So whether it's the beauty of the Comeraghs or the enchantment of Maumtrasna . . . it's on these Challenge Walks where you'll find the most fantastic plateaus, ancient corries, spectacular ridges, glorious valleys and lakes that have lured for generations in all their glory . . . in good weather or fresh.
Support a local Challenge Walk near you!
Onwards and Upwards, Keep Safe and Enjoy your Day!
SUMMITEERS and PLACE-VISITORS CORNER
A place for those interested in Summiteering, Bagging, Highpointing, visiting islands and coastal places.
A Guide to Ireland's Mountain Summits - The Vandeleur-Lynams & The Arderins
MountainViews first book available online and in some bookshops. The first reprint with numerous minor amendments is available.
If you are contributing, please be careful to respect the interests of landowners.
Suggest access routes well away from houses, gardens or that could conceivably impact farming activities. When walking, keep away from gardens or farm buildings. Use stiles or gates wherever possible. Never do anything that could allow animals to roam where the farmer did not intend. Ask permission where appropriate.
Take care if parking and do not obstruct roads, lanes and field entrances to access by farm machinery, which can be large. Exercise your dog in parks or forests but avoid countryside or open hillside where they may worry sheep.
Report suspicious activity to the police forces, as below.
If your car is broken into in an upland area report it to the PSNI or Gardai as this will help them be aware of the issue and tackle it in future. Store the numbers. In Northern Ireland use the PSNI non-emergency number 0845 600 8000. In the Republic you can find the local Garda District HQs phone numbers at www.garda.ie/Stations/Default.aspx. Specifically for the hotspot of Wicklow: the Garda Divisional Headquarters in Bray is 01 6665300.
If you hear of a problem area or route, write it up in MountainViews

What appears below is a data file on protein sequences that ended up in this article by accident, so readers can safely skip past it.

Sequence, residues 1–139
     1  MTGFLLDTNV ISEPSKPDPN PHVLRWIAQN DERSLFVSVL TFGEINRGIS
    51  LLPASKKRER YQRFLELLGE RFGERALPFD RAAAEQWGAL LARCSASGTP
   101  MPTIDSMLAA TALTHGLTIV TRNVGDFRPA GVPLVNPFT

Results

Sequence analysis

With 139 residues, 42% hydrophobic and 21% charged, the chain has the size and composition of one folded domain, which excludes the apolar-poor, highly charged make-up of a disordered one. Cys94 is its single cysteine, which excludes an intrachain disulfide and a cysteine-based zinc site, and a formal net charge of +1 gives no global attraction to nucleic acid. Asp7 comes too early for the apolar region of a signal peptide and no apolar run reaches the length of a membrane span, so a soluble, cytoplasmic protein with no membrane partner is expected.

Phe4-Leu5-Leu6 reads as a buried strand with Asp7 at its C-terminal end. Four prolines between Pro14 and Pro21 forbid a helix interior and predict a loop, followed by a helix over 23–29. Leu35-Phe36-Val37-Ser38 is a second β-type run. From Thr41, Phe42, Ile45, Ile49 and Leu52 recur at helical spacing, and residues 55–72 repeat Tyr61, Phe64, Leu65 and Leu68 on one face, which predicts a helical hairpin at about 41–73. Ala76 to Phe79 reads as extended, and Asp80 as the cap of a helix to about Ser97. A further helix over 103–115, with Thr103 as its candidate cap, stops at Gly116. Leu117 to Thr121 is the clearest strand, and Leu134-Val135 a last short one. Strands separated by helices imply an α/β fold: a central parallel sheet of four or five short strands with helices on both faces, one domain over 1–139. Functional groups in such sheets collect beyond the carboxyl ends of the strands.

which does everyone a service.
Report rubbish tipping in the Republic - ring EPA hotline 1850 365 121
Report recreational quads in national park area (in which they are banned). They are also banned in the Mournes. For Wicklow please phone the Duty Ranger: 087-9803899 or the office during office hours Telephone: +353-404-45800. For the Mournes ring the PSNI (as above) or contact Mournes Heritage Trust. Put these numbers in your phone, take regs etc. Let MV know of contact numbers for other areas.
If you have visited some of the less well known places, we would appreciate a place rating and also "Improve Grid Ref" for summits and other places.
If you find errors in the basic information about places such as in their names, their heights, county name etc please use the "Propose Places Database Change" option.
If we can, let's make MV have more than one route up a summit or to a place so as to reduce the tendency for paths to appear. Your grid refs in comments for different starting points show up on MountainViews maps as well as shared GPS tracks.
Visit the MountainViews Facebook page.
Visit the Challenge Walks Ireland page (jointly managed by MountainViews)
Editor: Simon Stewart, Homepage:
Assistant editors: Colin Murphy, David Owens
Summit comment reviews: David Murphy
Challenge Info: Jim Holmes
Track reviews: Peter Walker
Book reviews: Aidan Dillon, Peter Walker, Mel O'Hara
Videography: Peter Walker
Graphics design advice: madfrankie
Development & support volunteers: Vanush "Misha" Paturyan, Jack Higgins, Piotr Stepien